the folk artist as saavy modernist?
Is a “folk artist” simply a modernist with a good marketing plan? My old friend Karen Rosenberg has a review of the Earl Cunningham exhibition at the Lincoln Square Branch of the American Folk Art Museum in New York.
We learn this about Cunningham:
He was well aware of the “discovery” of folk art during the Depression (he is known to have clipped news articles about Grandma Moses) and marketed himself accordingly. He signed one of his paintings “Earl Cunningham, American Primitive” and printed business cards with the label “primitive artist.”
In fact, when Cunningham displayed his paintings in his own gallery in St. Augustine, Florida, he put up a sign that read, “Not For Sale,” as if he knew that the appearance of anti-marketplace sentiment might eventually bring in fame and fortune. “Someone is going to come ’round here and buy all my paintings at one time for $40,000,” he told Marilyn Mennello, his most eager collector.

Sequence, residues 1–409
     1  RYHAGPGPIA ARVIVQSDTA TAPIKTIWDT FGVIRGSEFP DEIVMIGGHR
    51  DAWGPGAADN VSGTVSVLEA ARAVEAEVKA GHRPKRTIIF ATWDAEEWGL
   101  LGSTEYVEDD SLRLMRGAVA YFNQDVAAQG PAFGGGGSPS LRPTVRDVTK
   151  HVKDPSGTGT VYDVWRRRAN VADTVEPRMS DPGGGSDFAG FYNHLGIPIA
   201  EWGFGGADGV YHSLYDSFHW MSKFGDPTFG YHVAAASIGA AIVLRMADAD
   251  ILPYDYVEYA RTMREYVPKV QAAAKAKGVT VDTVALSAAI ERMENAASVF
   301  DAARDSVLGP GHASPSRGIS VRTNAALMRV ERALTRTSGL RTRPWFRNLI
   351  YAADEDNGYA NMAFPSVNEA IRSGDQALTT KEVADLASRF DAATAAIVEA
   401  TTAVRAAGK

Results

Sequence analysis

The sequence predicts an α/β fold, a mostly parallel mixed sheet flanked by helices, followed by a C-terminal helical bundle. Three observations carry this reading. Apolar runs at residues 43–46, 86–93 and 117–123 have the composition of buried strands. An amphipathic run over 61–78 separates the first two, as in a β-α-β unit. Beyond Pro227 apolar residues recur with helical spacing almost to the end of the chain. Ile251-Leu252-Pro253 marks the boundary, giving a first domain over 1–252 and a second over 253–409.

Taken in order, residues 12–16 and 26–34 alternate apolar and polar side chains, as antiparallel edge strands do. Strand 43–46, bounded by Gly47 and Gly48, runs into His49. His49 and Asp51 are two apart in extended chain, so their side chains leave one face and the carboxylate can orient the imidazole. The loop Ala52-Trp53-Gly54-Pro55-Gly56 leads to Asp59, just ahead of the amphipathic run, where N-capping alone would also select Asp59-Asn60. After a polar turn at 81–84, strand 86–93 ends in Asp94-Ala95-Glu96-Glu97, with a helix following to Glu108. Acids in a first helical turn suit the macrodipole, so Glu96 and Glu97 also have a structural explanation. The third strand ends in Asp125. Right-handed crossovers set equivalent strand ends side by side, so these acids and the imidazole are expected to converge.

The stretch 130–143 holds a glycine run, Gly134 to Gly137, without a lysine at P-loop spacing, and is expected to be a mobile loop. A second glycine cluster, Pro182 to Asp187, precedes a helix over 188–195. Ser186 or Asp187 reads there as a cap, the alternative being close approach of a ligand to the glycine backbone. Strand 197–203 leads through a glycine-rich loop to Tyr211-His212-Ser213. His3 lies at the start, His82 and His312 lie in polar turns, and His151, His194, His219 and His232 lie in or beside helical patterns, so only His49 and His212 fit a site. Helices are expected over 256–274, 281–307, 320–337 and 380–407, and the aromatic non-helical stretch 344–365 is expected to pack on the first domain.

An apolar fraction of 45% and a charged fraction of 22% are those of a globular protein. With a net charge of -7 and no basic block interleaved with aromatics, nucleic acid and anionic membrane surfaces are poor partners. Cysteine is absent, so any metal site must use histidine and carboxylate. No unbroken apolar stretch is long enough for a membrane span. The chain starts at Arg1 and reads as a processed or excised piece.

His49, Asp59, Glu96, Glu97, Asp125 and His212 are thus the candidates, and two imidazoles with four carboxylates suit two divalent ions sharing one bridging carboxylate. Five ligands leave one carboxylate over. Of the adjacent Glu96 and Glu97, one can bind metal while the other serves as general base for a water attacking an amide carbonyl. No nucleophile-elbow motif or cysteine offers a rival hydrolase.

Karen finishes up her review with a tantalizing conclusion:
Whether you think of Cunningham as a folk artist or a Modernist, his paintings display an intuitive grace. They are the product of history, selective memory and a well-traveled life.
This “American primitive” raises all the questions of why we distinguish between folk art and Modernist art at all other than to signal a different status-level of the artist’s milieu, the particular corner of the world in which he or she has a studio (or doesn’t).
But since folk art and Modernism seem like Siamese-twinned oppositions with a funny intersection to them, what would it mean to simply say that all folk art is Modernist and all Modernism is folk art? It might mean that we let go of the othering that occurs and focus on what Rosenberg does: art always as “the product of history, selective memory and a well-traveled life.”
See followup post: “The Folk Look in Mod Art.”